As a result, I took it upon myself in 2017 to look into my own country’s perspective of the fandom. This part-time hobby of mine culminated into a lecture at ConFuzzled 2019, The History of the Furry Fandom in the United Kingdom, which focused on the growth of the fandom from the earliest known gathering of twenty fans in 1987 to the present day conventions of over two thousand furries. I spoke about the housecons and fanzines in the nineties, furmeets and mailing lists in the noughties, and the British furry conventions and the difficulties getting them off the ground. I also allowed audience members to make comments and ask questions throughout, which you can listen to in the recorded version uploaded to YouTube.

Watching it in retrospect, I’m still proud of the amount of content in the work, in spite of a few factual errors and omissions that a few people have noted. On the day itself, it went over better than I ever anticipated, with a full room of attendees giving a huge round of applause at the end and many furries coming up to me to appraise my work. One of those people thought that the full history should be written down, and, given the amount of work I had already done, I felt up to the task.

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History of Furcadia, the Guinness Record-winning furry MMO, and Q&A with co-creator Dr. Cat 

by Patch O'Furr

In the early days of the internet, on dialup BBS’s and the pre-smartphone web, many fans knew they were furry before it had a name. When they logged on to find each other, a home PC became a fantasy portal for instant chatting with other talking animals. It was thrilling because who wants to play a regular human? Some haters treated them as the black sheep of nerds, but looking back, they were the first wave of a major force in the culture.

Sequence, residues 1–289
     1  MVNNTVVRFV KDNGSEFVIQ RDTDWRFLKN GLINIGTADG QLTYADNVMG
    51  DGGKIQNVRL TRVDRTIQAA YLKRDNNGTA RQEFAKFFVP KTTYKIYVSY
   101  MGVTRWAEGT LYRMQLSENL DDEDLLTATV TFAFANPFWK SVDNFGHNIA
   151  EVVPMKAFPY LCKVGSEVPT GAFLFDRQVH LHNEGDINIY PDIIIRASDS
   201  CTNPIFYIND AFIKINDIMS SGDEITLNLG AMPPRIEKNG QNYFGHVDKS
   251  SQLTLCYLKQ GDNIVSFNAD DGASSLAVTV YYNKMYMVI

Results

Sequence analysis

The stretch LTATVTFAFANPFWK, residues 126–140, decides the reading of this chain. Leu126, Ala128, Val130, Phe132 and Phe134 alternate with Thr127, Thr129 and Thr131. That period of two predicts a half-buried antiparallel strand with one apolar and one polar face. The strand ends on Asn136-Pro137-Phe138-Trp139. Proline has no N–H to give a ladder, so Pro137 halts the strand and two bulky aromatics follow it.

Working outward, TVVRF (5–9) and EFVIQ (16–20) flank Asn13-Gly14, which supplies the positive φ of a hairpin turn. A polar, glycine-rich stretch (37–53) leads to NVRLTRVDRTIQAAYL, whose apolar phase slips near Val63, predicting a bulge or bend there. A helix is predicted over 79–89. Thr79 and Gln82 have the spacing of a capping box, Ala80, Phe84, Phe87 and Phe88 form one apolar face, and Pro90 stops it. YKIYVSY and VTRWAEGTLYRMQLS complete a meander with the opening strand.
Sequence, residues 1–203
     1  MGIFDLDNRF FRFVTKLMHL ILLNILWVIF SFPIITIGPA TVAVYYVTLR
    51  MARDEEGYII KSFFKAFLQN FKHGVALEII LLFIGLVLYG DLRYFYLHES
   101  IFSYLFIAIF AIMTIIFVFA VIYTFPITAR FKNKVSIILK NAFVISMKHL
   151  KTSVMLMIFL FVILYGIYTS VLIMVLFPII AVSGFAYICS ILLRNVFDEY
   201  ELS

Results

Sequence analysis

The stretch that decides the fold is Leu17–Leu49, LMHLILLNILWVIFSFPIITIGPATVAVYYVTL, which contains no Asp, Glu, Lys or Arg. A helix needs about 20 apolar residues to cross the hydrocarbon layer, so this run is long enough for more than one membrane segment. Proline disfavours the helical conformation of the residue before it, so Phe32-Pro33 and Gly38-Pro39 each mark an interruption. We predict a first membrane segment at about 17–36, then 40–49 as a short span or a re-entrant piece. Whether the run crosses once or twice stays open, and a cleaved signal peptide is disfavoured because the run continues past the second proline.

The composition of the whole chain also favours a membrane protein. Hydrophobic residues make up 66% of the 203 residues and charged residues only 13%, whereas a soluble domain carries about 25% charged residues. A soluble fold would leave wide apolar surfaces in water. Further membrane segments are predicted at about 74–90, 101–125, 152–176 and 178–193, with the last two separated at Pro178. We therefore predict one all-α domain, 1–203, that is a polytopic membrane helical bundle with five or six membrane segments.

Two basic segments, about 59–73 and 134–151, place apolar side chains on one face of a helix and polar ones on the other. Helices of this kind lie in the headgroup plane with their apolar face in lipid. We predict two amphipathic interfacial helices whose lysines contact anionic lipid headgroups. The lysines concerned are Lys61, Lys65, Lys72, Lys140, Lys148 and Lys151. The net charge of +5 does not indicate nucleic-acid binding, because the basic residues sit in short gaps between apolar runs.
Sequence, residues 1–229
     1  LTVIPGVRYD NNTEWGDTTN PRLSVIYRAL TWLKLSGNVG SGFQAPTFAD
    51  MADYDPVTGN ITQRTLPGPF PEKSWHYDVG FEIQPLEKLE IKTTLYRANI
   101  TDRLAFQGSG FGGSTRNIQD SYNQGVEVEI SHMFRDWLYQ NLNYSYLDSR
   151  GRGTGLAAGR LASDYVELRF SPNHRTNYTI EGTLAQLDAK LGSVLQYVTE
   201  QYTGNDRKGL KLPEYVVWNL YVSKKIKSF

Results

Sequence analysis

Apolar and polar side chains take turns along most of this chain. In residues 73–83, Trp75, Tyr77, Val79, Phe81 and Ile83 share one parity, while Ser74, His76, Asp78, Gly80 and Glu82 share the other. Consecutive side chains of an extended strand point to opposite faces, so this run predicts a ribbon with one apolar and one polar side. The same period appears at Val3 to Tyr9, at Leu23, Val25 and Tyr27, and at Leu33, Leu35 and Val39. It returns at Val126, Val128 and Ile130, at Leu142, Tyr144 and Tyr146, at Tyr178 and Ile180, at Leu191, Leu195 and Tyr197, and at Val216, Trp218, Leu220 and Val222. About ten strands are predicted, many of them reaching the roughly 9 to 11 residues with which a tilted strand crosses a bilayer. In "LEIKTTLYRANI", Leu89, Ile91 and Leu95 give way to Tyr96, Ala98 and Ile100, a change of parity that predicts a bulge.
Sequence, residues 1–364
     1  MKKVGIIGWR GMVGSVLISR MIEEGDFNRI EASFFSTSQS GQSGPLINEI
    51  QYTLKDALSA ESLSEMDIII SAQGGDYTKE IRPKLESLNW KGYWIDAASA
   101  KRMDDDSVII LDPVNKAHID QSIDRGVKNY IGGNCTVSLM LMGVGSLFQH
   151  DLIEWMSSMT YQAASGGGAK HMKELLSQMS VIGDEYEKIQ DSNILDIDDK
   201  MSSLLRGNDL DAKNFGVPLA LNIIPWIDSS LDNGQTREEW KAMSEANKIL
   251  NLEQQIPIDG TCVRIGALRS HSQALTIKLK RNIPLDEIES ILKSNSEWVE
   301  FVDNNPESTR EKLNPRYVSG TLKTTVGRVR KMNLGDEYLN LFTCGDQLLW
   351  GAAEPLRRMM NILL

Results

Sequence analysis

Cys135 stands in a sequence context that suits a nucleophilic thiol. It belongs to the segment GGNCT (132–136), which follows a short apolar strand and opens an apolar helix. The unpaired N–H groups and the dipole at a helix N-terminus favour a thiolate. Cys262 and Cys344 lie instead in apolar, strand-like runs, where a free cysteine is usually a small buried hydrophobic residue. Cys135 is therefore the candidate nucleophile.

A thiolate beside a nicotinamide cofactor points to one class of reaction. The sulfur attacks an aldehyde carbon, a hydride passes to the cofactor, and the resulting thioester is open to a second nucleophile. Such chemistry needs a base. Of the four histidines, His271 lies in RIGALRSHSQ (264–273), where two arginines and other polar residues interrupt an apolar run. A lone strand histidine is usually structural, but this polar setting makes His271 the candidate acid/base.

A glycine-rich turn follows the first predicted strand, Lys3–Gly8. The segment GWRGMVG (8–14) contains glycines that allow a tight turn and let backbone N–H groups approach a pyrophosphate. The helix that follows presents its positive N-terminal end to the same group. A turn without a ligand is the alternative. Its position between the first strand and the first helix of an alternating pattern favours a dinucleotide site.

In the late 1980’s and 90’s, MMOs/MMORPGs (Massive Multiplayer Online Role Playing Games) popularized internet communities for fun. MMO’s were an evolution with graphics added to text-based MUDs (Multi User Dungeons) and MUCKs; starting in the 1970s, these were often accessed through universities. Some let users build their world, and were significant to early organized furry fandom, like FurryMUCK (1990), Tapestries MUCK (1991), FurToonia (1994), Sociopolitical Ramifications (1994) or TigerMUCK (1994). Eventually World of Warcraft grew to dominate MMO’s with millions of users.

The furry MMO Furcadia was at the front.

Furcadia facts:

  • It was founded in 1996 by Dr. Cat (Felorin) and Talzhemir, with many other contributors.
  • In its heyday, it was called the largest online furry community (- wikifur) with tens of thousands of users. It was also one of the first freemium online games.